Who Am I?

Date: Wednesday, August 29, 2001
From: Kevin Hench
Subject:  Who Am I?

 

Let's play that old ballyard standard, Who Am I?

As the clues are given, picture puzzle pieces coming together, featuring fat
cheeks and sleepy, indifferent eyes.

I expect to play every day.

In my last 95 at-bats I have driven in six runs and three of those were on
one swing.

I am a poor baserunner.

I am a poor outfielder.

Since being told I would be hitting fifth every day, I have batted .264 with
a .377 slugging percentage and driven in five runs in 53 at-bats.

I am a guess hitter.

I only hit mistakes.

I average less than one home run every 30 at-bats.

I am slow.

My power is almost completely gone.

I am what they call "a cripple hitter."

I am old.

I expect to play every day.

I am Dante Bichette.

Dante Bichette's whole career has been an illusion.  The Angels and Brewers
got rid of him because they thought he stunk.  They were right.  He's never
done anything anywhere outside of Coors Field that would merit playing every
day in the bigs.  The problem was that the numbers he put up in Coors Field
were so huge that they were hard to ignore.  Sadly, Dan Duquette, like Reds
GM Jim Bowen before him, couldn't ignore them either.  They are eye-popping. 
But every time Bichette quits on a curveball that ends up rolling into the
strike zone, remember, curve balls don't roll into the strike zone in Coors. 
The cartoon joke that is Coors Field is a perfect place for pure, cartoonish
fastball hitters.  Just sit fastball and hack away.  There is no way you'll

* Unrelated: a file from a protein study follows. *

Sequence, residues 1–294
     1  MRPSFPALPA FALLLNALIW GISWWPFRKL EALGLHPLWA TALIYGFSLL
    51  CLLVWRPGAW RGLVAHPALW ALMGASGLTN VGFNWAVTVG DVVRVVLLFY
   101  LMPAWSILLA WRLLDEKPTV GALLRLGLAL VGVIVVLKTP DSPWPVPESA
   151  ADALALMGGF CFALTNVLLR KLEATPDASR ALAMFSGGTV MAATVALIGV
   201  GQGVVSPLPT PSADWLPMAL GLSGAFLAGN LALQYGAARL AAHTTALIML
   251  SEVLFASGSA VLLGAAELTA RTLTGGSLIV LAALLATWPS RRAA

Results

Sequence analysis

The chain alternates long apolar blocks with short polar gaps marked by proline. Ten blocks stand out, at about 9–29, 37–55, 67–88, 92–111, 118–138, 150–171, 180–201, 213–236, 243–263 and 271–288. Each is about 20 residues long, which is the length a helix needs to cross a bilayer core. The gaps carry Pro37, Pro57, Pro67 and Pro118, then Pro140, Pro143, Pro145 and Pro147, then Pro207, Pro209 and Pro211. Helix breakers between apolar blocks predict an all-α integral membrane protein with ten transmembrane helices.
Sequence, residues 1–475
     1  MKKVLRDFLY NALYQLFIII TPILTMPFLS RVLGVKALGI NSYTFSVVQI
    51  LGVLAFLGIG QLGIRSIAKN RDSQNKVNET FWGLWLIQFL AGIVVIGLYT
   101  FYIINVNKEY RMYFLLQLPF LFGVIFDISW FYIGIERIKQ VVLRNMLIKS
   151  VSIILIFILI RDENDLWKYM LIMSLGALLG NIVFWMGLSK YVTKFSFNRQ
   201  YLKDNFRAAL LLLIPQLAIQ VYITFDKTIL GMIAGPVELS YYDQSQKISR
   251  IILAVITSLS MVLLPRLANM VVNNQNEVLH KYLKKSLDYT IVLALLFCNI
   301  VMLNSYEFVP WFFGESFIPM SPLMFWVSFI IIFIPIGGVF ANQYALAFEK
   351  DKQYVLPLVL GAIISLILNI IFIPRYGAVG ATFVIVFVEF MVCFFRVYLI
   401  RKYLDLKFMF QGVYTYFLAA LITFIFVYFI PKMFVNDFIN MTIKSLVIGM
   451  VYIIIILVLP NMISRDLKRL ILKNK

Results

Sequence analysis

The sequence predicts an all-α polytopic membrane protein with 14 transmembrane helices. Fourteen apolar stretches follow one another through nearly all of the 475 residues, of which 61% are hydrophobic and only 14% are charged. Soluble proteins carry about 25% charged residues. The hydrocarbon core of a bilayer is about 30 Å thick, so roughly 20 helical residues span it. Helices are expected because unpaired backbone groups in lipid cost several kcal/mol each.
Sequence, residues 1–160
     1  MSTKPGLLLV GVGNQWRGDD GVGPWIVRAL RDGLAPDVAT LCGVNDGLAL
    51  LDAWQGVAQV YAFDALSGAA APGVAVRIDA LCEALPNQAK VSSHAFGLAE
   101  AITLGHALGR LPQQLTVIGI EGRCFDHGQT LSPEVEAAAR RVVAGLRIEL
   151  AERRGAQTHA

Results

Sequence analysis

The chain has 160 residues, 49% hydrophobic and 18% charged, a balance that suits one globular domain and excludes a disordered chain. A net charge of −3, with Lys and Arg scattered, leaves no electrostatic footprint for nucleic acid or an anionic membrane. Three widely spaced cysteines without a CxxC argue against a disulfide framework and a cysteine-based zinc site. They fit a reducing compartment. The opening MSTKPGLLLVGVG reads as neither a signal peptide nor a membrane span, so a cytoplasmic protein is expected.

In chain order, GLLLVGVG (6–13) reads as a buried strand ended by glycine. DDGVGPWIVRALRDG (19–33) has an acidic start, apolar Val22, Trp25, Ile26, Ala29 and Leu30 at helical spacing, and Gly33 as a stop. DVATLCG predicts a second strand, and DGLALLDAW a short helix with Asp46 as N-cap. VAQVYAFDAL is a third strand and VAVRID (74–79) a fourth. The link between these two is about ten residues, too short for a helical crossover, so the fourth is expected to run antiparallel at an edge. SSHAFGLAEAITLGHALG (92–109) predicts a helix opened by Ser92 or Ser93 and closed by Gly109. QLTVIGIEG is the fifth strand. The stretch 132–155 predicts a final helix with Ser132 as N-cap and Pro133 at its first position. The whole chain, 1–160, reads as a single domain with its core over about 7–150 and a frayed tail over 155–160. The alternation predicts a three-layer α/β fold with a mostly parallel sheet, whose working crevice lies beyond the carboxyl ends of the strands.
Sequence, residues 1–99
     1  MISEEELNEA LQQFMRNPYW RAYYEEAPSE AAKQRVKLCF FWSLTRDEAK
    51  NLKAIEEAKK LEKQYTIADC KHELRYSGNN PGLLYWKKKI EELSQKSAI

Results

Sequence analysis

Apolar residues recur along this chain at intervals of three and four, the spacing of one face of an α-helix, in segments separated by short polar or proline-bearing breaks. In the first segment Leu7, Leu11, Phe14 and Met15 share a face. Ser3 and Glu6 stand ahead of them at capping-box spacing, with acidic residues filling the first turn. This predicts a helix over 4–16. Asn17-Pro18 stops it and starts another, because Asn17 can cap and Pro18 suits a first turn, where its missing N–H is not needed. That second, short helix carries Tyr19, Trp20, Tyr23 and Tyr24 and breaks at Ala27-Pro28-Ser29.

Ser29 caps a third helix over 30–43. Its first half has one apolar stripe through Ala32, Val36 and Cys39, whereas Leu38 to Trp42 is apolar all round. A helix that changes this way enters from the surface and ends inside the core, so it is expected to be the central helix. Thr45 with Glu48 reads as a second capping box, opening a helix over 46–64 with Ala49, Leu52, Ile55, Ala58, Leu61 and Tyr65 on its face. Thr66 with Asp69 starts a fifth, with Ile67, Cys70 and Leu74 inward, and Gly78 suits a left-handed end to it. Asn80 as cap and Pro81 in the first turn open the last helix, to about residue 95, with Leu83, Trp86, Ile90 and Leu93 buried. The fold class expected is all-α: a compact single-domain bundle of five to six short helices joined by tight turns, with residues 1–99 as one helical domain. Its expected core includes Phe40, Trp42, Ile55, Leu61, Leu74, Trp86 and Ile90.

see three breaking balls consecutively in Coors.  But the word is out on
Dante, which is why pitchers rarely make as glaring a mistake as Aaron Sele
did with that get-over fastball on the inner half that Dante crushed for half
his RBIs since July 29.

The aging mistake hitter is a baseball staple.  You just hate to be saddled
with one yourself when you're trying to make up ground in a pennant race.

Oh, and Dante, if you can't look in the mirror, at least look in Total
Baseball... you're not an everyday player, probably never were, except for
those seasons on the moon.

Notes:  Is it a bad sign when Doug Mirabelli (15) has more RBIs in August
than Manny Ramirez (13)?... My buddy Dave put it best:  "Are these the guys
you want to end the curse?"  Hardly. ... Everyone - Nomar, Pedro, Varitek, et
al. - should shut it down right now.  What is the point?  We are not going to
catch either of these teams and even if we did, we couldn't beat any of the
AL playoff teams three of five or four of seven...  Trot Nixon sure makes a
lot of soft outs in the leadoff spot.  Dribbler back to the mound with the
sacks jacked tonight against Dave Burba?  What gives?  He also takes too many
2-0 pitches.  Jose Offerman and Trot Nixon need to switch hitting
sensibilities.  Jose should take all 2-0 and 3-1 pitches and Trot, who has
lots of pop, should be looking to kill those "cripple" pitches...  A hundred
years from now someone will be thumbing through Total Baseball, see that 2-0
record and 0.69 ERA and ask, "Gee, I wonder what happened to Juan Pena?" 
That freak injury was the beginning of this 2001 tragedy that has continued
unabated ever since that final, fatal spring training day in the spring of
2000.... Joe Kerrigan now has a lower winning percentage than Jimy
Williams... Why did you forsake us, Felipe?

BDD is a feature of Boston.com. All posts are by Steve Silva unless otherwise indicated.

Boston Globe:

Red Sox end losing streak > Shaughnessy: Debunking myths about the 2014 Red Sox > Cherington: Everyone needs to get better

Boston Herald:

Ortiz, Red Sox bats break out to end losing streak > Buchholz still bewildered > Memory loss haunting Red Sox

ProJo:

Lester was once a good hitter, now heading toward dubious record > Travis Shaw brings hot bat to Pawtucket > Ranaudo shines > Betts not a candidate for Boston, yet

NY Post:

St. Louis lets Ozzie Smith bid Jeter goodbye > Yanks prevail in extras again > Nonsense leads off in MLB broadcasts > Beltran elbow on mend

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